In the mid-2000s my friend McKayla ran a little clothing shop on Capitol Hill that sold a mixture of the wildest garments— dresses that looked like spider webs of ribbons, tweed coats decorated with spray-paint stencils and a bin of sometimes damaged but always fascinating used items for under $5. I never knew whom I would run in to there or what I would see. Sometimes a party would be going on in the middle of the day. Every time I think of that place I smile, but the pleasant memory is tinged with loss. I like that things change, I just think it’s alarming that the majority of places that have replaced the ones I loved seem to lack an important quality, a certain mixture of vitality and genuineness that the old ones had.
There is, however, considerable cause for hope. The arts community lost a particular sense of cohesion when local magazine City Arts went under, but those still here are fighting to keep the creative community alive and frequently succeeding. After nonprofit writing center Hugo House was torn down, it was rebuilt on the same plot of land as part of a residential building with its own beautiful new custom space on the ground floor. Facing closure like many indie video stores, Scarecrow Video survived — even grew — by becoming a nonprofit. Event space Town Hall is thriving, and was recently remodeled. When the owners of Open Books retired, new owners that believed in the store stepped up and kept it alive. There’s even a still-thriving contingent of the type of queer punk galleries where I first fell in love with art, such as Party Hat and the Factory. The resilience of these organizations like these, not to mention the wonderful Langston Hughes Performing Arts Institute and UW’s Jacob Lawrence Gallery, gives me hope. There’s also the fact Seattle has always been a boom-and-bust city — for better or worse, change is likely. Rents have plateaued and even fallen in many parts of town, as the housing market becomes saturated.
Older writers tell me they have seen all this before. At 33, I’m aging, too, and I hope there are teenagers playing shows and making things in their parents’ garages that would blow me away. I taught a poetry class a couple of years ago at Nova. It didn’t seem to have changed a bit.
Reclaiming the dream of the city
The more biologically diverse an ecosystem is, the more life it can sustain — not only a wider range of organisms, but more organisms of each species. If there are 15 types of corn rather than five, and environmental conditions change in such a way that 12 die off, corn will still exist.
Cities are just the same. That people who code for a living earn high salaries is not a problem. These people spend money and make the economy healthier. The problem is that if only a few professions draw enough money to live comfortably in the city, different types of people are less able to interact with each other and live in the same buildings or neighborhoods. This essentially creates a less diverse cultural ecosystem, where most people can’t afford to draw on the walls, even metaphorically.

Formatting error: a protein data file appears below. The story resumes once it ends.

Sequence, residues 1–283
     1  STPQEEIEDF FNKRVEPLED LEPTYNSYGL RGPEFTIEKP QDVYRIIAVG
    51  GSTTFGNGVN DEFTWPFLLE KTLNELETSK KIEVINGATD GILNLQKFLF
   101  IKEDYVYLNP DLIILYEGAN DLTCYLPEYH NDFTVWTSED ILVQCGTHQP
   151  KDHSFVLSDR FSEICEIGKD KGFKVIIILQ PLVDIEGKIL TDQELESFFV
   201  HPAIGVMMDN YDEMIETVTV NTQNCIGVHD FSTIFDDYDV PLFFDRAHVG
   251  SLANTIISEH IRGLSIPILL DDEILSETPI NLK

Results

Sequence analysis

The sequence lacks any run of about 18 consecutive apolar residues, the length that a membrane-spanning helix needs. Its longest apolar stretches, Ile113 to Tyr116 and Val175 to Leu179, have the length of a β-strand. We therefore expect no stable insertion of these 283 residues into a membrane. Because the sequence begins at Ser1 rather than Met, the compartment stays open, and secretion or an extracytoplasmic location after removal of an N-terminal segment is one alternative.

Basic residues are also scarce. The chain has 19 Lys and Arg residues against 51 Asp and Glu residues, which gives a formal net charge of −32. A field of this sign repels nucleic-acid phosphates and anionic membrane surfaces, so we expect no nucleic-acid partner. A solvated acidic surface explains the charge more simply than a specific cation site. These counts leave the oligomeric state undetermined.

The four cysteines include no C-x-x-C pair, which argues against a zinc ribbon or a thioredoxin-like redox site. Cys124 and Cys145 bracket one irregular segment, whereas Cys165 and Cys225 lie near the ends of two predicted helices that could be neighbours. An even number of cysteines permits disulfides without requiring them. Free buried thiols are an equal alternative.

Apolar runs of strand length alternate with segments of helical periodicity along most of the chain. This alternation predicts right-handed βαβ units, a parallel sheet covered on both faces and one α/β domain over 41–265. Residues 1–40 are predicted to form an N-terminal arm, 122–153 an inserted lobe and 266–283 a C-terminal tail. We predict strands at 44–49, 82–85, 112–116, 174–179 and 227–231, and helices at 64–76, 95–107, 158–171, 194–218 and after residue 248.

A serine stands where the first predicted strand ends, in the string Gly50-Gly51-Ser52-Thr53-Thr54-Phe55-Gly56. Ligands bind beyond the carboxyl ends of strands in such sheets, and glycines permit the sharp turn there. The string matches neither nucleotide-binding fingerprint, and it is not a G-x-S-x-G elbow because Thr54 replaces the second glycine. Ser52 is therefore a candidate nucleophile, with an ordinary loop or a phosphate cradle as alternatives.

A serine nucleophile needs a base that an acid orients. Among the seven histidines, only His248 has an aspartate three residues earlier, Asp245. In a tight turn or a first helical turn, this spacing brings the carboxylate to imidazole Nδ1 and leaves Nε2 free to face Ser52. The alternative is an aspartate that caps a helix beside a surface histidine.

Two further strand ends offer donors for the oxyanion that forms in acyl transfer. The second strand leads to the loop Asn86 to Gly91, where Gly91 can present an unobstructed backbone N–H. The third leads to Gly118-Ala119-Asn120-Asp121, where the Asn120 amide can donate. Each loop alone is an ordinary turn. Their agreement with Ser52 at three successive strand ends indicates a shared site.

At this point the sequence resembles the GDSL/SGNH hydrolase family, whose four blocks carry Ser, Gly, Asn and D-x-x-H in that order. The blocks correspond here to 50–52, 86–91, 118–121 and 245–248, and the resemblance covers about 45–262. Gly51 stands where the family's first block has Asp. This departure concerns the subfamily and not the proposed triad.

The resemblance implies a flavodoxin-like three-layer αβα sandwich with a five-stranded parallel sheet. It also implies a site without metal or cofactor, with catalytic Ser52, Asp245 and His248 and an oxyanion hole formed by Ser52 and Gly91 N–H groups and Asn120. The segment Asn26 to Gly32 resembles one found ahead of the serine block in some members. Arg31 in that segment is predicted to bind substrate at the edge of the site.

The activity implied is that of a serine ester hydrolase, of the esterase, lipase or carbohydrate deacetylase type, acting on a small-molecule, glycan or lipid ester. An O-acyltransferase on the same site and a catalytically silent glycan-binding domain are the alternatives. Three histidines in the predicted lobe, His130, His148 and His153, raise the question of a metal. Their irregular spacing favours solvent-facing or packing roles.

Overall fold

People talk a lot about the physical spaces lost since Amazon moved in, the cost of living and the people who can no longer afford being here. And they should, because without a roof over their head, people can’t easily think about making art. As the cost of living skyrockets in major American cities and drives people out of the cities or onto the streets, I’ve seen the same handful of chain stores appearing block after block. As our neighborhoods become more predictable, the multitude of possibilities present in every urban moment contract like a massive cultural sphincter. You would think that if the people who remember what the city was like before this happened are still here, the soul of the city will persist. But if San Francisco is any indication, people just get tired and lonely and want to leave. Whether living in a city or a suburb, whether they own a condo or rent a lighthouse or they’re the old woman who lives in a shoe, people deserve more than this.
Recently I stayed at a Best Western on the outskirts of Portland. There was a Walmart, a Burger King, a Shell station and a Lowe’s hardware store. Many of these businesses were physically 20 times the size of an urban corner store, but the whole point of generic franchises in rural and suburban areas (besides being cheap in every sense of the word) is that they are standardized, so the possibilities they offer, at least in the sense I’m describing, are extremely uniform.
While there is some appeal to uniformity and (obviously) affordability, when you’re not seeing yourself in your surroundings, when every commodity is pumped in from some massive inhuman nonplace like the goop that kept people in suspended animation in The Matrix, it can feel like your creations don’t have meaning or value. When I was in high school, the other queer kids and I got together in each other’s basements to view prized little glimpses of a relatable narrative, such as Rocky Horror Picture Show or Labyrinth. It was a real occasion when somebody discovered a dusty corner of the Blockbuster “special interest” section containing films by directors like John Waters or Kenneth Anger who showed us some representation of life that resonated with us. Even these directors were available only through a big chain video store, leaving us to wonder what else was out there, how many brilliant directors were for some reason not marketable.
It’s possible for the dream of the city to invade an urban location of a big corporate franchise. The Capitol Hill IHOP, for instance, is not really an IHOP after 2 a.m. so much as a raucous living room where red-eyed artists and club kids draw on napkins together and soak up the night’s excesses with towering stacks of meat and pancakes.
The job of artists is to renew the world. When we are very young, we have huge moments that overwhelm us with joy and mystery because we don’t understand them. Hearing your first story about sex is a good example, but so is eating spaghetti or going to a movie for the first time. When art works, it restores us to that wonderful state of bewilderment. A city’s capacity to foster this state, to be a place where artists can do their job, is truly what constitutes its soul, and Seattle would be wise never to forget this.